With last evening’s crop of whinges and tidings of more rotten news for which you seem to treat your mother like a cess-pit, I feel it is time to come off my perch.

It is obvious that none of you has the faintest notion of the bitter disappointment each of you has in your own way dished out to us. We are seeing the miserable death throes of the fourth of your collective marriages at the same time we see the advent of a fifth.

We are constantly regaled with chapter and verse of the happy, successful lives of the families of our friends and relatives and being asked of news of our own children and grandchildren. I wonder if you realise how we feel — we have nothing to say which reflects any credit on you or us. We don’t ask for your sympathy or understanding — Mum and I have been used to taking our own misfortunes on the chin, and making our own effort to bash our little paths through life without being a burden to others. Having done our best — probably misguidedly — to provide for our children, we naturally hoped to see them in turn take up their own banners and provide happy and stable homes for their own children.

Fulfilling careers based on your educations would have helped — but as yet none of you is what I would confidently term properly self-supporting. Which of you, with or without a spouse, can support your families, finance your home and provide a pension for your old age? Each of you is well able to earn a comfortable living and provide for your children, yet each of you has contrived to avoid even moderate achievement. Far from your children being able to rely on your provision, they are faced with needing to survive their introduction to life with you as parents.

So we witness the introduction to this life of six beautiful children — soon to be seven — none of whose parents have had the maturity and sound judgment to make a reasonable fist at making essential threshold decisions. None of these decisions were made with any pretence to ask for our advice.

In each case we have been expected to acquiesce with mostly hasty, but always in our view, badly judged decisions. None of you has done yourself, or given to us, the basic courtesy to ask us what we think while there was still time finally to think things through. The predictable result has been a decade of deep unhappiness over the fates of our grandchildren. If it wasn’t for them, Mum and I would not be too concerned, as each of you consciously, and with eyes wide open, crashes from one cock-up to the next. It makes us weak that so many of these events are copulation-driven, and then helplessly to see these lovely little people being so woefully let down by you, their parents.

I can now tell you that I for one, and I sense Mum feels the same, have had enough of being forced to live through the never-ending bad dream of our children’s underachievement and domestic ineptitudes. I want to hear no more from any of you until, if you feel inclined, you have a success or an achievement or a REALISTIC plan for the support and happiness of your children to tell me about. I don’t want to see your mother burdened any more with your miserable woes — it’s not as if any of the advice she strives to give you has ever been listened to with good grace — far less acted upon. So I ask you to spare her further unhappiness. If you think I have been unfair in what I have said, by all means try to persuade me to change my mind. But you won’t do it by simply whingeing and saying you don’t like it. You’ll have to come up with meaty reasons to demolish my points and build a case for yourself. If that isn’t possible, or you simply can’t be bothered, then I rest my case.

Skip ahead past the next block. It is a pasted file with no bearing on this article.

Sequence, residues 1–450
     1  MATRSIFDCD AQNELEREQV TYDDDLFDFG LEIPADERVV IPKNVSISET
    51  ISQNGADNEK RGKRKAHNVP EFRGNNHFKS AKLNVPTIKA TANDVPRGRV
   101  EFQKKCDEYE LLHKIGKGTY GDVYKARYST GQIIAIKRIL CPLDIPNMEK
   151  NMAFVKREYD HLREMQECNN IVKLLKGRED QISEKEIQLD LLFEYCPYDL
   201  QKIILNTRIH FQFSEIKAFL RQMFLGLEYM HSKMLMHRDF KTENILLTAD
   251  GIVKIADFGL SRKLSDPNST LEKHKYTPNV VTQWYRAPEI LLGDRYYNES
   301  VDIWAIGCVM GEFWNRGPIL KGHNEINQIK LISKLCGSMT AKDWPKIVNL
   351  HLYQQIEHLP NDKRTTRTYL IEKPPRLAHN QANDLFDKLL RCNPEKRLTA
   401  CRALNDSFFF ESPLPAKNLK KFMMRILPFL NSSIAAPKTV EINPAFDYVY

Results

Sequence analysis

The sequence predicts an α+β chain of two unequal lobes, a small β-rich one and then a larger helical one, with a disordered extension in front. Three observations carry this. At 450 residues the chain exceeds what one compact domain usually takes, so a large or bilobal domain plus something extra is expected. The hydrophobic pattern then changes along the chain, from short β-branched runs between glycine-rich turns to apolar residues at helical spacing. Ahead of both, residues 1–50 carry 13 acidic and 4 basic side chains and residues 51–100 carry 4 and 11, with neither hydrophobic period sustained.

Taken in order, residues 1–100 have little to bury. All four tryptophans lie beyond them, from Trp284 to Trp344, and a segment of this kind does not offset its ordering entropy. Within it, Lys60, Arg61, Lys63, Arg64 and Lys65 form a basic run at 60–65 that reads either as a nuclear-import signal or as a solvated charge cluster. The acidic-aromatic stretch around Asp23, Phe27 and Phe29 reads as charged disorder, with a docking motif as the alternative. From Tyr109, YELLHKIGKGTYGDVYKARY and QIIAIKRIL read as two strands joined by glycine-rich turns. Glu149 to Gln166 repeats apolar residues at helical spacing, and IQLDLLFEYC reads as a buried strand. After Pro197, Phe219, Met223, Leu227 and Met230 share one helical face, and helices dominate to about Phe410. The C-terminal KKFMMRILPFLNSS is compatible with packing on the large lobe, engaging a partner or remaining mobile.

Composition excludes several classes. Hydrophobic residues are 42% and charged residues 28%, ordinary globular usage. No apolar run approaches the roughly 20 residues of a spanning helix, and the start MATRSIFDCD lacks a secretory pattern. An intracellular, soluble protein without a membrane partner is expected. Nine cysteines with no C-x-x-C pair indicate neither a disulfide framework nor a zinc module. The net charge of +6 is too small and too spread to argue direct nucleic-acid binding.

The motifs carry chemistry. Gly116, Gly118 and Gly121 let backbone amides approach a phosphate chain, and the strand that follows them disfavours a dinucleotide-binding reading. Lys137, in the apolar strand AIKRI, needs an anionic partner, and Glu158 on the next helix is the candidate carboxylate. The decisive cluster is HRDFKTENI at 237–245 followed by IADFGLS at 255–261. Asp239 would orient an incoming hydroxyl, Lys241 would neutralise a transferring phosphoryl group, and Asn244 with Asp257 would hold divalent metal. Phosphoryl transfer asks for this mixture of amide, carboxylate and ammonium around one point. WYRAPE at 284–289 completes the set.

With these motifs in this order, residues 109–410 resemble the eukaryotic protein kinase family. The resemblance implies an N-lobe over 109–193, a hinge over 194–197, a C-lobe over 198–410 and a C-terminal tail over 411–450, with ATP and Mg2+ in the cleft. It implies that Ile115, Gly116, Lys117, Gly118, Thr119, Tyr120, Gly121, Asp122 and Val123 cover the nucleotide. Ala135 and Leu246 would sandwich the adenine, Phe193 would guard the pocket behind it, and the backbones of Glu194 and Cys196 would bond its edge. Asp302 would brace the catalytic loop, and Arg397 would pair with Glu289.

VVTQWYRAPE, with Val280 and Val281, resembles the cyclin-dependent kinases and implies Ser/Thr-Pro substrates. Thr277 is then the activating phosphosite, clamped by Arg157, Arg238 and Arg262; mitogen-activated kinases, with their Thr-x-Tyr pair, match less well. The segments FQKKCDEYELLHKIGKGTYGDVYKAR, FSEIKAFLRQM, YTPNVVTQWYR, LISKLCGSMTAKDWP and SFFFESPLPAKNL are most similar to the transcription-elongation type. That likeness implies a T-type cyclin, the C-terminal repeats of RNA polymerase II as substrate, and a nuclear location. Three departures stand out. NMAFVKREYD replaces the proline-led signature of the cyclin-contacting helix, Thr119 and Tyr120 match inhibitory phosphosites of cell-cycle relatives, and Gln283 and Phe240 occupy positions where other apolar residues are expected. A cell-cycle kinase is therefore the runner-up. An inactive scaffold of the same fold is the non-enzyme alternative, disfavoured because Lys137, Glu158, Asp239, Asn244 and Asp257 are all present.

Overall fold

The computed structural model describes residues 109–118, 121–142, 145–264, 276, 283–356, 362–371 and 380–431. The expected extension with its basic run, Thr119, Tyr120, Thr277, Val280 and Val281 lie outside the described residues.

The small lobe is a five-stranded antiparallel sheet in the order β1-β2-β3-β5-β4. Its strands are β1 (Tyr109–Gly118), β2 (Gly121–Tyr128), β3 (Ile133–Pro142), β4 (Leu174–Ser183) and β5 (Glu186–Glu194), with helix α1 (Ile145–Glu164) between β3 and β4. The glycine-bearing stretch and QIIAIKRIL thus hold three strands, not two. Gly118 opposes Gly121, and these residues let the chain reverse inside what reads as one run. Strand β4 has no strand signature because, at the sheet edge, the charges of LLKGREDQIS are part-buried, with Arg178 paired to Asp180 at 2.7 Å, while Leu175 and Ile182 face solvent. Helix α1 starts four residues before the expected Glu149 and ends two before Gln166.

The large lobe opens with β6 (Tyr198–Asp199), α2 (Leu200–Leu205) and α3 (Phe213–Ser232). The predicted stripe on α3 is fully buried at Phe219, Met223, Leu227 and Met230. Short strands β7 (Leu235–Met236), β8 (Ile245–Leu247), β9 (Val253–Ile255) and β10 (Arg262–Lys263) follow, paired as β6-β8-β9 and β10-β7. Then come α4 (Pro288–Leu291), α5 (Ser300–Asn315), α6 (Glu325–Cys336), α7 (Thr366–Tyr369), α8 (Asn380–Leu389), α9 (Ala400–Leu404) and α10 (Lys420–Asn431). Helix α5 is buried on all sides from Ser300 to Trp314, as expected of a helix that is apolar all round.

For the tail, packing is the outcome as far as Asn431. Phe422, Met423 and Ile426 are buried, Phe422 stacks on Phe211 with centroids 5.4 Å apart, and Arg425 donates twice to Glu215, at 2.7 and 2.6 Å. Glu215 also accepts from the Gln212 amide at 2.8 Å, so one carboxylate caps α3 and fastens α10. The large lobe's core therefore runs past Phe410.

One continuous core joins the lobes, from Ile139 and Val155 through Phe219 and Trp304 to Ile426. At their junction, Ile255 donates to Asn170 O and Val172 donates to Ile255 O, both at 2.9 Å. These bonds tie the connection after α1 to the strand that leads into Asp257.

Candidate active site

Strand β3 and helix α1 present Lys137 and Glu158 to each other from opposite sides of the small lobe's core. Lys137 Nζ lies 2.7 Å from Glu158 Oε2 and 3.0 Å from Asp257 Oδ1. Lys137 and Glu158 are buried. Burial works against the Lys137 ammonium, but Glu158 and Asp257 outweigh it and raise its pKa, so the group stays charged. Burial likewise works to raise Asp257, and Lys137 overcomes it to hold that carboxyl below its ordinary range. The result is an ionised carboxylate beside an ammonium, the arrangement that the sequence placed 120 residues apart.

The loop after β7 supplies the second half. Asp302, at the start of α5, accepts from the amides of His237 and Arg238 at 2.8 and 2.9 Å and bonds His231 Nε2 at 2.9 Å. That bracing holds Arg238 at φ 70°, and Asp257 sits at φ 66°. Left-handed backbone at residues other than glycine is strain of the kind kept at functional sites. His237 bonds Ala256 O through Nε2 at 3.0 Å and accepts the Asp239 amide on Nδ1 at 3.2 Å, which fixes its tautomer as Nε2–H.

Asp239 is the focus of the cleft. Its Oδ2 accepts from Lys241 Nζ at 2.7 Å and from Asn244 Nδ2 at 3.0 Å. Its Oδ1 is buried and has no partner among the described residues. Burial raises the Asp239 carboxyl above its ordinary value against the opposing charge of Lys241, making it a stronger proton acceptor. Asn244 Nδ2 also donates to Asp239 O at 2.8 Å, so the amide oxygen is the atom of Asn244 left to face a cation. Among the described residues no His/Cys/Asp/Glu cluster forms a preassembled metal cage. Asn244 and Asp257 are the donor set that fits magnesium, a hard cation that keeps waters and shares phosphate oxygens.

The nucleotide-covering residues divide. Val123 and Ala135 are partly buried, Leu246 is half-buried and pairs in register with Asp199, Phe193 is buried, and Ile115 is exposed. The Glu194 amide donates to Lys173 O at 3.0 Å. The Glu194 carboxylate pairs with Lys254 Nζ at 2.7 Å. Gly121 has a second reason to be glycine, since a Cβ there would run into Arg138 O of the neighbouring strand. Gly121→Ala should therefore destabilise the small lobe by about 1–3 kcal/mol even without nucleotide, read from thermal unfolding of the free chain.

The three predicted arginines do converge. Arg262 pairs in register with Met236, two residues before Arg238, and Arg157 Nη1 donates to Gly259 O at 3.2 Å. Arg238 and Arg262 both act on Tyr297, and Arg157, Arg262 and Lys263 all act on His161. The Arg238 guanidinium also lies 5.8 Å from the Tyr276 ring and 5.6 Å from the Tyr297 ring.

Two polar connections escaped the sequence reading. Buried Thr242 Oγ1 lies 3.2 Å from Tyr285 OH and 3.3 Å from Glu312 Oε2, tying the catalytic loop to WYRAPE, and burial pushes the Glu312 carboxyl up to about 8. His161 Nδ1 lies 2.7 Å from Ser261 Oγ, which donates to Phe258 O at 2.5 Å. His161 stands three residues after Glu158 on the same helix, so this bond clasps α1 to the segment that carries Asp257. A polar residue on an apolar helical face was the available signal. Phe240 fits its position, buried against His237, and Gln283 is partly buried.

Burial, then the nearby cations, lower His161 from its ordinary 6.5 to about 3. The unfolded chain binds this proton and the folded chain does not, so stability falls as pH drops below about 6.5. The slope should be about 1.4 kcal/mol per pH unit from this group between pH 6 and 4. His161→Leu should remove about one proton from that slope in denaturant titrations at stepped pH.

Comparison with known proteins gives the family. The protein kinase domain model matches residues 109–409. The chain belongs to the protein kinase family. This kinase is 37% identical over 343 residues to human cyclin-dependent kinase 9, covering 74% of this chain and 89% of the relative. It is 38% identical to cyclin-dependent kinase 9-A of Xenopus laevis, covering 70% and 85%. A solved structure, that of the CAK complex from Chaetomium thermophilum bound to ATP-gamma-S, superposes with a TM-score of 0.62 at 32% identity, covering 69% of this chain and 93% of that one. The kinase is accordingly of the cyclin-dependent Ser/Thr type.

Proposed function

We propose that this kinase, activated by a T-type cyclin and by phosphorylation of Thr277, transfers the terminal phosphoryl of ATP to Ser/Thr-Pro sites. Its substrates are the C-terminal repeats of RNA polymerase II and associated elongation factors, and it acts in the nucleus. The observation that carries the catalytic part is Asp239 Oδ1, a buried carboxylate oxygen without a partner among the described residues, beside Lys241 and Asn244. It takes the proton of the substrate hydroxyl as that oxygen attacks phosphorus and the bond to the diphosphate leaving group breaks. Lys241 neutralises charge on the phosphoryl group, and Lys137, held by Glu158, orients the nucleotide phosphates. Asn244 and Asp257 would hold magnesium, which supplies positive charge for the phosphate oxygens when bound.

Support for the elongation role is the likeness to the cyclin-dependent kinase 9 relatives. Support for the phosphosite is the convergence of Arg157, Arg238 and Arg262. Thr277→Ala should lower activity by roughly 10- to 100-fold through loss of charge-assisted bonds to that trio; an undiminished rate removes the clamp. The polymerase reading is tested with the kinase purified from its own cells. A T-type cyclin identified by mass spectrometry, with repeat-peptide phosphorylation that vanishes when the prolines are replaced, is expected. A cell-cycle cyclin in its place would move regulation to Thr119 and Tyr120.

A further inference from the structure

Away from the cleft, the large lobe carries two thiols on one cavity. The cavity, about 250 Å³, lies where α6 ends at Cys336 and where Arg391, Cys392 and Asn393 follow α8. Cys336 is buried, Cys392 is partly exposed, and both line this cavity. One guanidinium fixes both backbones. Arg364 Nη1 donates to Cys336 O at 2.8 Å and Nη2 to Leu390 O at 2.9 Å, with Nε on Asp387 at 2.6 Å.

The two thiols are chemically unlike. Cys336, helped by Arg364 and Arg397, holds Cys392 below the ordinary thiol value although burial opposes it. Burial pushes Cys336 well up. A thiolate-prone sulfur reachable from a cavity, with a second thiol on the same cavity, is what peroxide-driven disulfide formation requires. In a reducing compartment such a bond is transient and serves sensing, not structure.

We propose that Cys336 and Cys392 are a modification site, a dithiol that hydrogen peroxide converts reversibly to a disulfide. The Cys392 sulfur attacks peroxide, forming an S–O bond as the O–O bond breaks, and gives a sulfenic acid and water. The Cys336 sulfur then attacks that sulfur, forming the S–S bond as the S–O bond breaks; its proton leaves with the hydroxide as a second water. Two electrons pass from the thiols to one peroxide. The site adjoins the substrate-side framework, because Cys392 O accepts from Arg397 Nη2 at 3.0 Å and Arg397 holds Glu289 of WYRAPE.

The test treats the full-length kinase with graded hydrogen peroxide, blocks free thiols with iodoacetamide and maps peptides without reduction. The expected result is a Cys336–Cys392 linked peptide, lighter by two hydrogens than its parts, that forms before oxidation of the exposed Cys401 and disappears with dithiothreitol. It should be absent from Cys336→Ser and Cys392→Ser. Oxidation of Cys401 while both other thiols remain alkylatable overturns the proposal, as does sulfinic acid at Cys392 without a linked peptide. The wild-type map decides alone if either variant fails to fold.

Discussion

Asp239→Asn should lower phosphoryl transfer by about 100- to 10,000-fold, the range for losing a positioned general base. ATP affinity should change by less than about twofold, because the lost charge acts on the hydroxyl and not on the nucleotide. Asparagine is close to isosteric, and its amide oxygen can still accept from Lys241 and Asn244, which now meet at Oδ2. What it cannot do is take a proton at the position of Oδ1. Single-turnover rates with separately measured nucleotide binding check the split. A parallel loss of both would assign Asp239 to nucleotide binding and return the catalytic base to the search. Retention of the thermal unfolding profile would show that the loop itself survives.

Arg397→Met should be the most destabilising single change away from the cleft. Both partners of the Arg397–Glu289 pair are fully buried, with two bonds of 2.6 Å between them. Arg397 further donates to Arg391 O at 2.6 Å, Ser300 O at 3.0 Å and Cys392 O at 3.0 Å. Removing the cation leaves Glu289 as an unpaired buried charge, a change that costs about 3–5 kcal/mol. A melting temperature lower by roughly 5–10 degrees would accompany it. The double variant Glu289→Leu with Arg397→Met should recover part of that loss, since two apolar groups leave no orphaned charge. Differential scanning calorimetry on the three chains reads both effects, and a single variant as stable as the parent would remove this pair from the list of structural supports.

I am bitterly, bitterly disappointed.

Dad

Despite the letter’s harsh tone, at least one of his children said it was something she needed to hear.

In Obama’s America, a lot of parents will soon feel like writing to their children the same letter Crews wrote to his.

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Comments

  1. Danny Lemieux says

    Unfortunately, perpetual adolescence can be very habit forming and there is a point where people lose the ability to mature. As this recent election demonstrated, we have become a nation of children.

  2. Caped Crusader says

    As a person nearing the ninth decade of life, I have some perspective of changes over an extended period of time. Today young people suffer from both a lack of being expected to assume the duties of adulthood, and a lack of doorways to enter adulthood. The generation preceding us suffered through the great depression and a “poverty for all” environment and assuming adulthood was a matter of surviving and eating, or not surviving at all; no easy choice here. My generation of the thirties, forties, and fifties had it easier but knew that life would not be a bowl of cherries. The world was in turmoil and our country was in mortal peril. You were EXPECTED to assume the role of an adult at least by the age of 18. In high school, ROTC was mandatory for all; boys 16-18 wore a regulation US Army uniform, learned basic military science and tactics, learned close order drill, and could care for and field strip and maintain every small arm used by the military (M1 Garand rifle, M1911 .45 pistol, M1 carbine, BAR ‘Browning automatic rifle’, Browning .30 and .50 machine guns, Bazooka, mortars, etc. Young men with such a background viewed themselves as young adults and acted as such. After 3 years you received a certificate allowing you to enter the armed services 3 ranks up from the bottom since you had already received most of what is learned in basic training. The best students were selected as officers the final year and carried a saber when in full uniform. One of the very proudest moments in my life was during the Armed Forces Day Parade 1951, marching at the head of our battalion with the other officers and hearing the battalion commander barking cadence, with all our sabers flashing in the sun as we came over a rise in the broadest city street and looking down on the city and the State Capitol, and realizing that I was on my way to becoming someone worthwhile. I grieve that young men today have no similar experiences and this only promotes delayed and in many cases no development as adults and their responsibilities. Reflecting back on these years and my classmates, I cannot think of one who did not become “somebody” and led a fulfilling and successful life.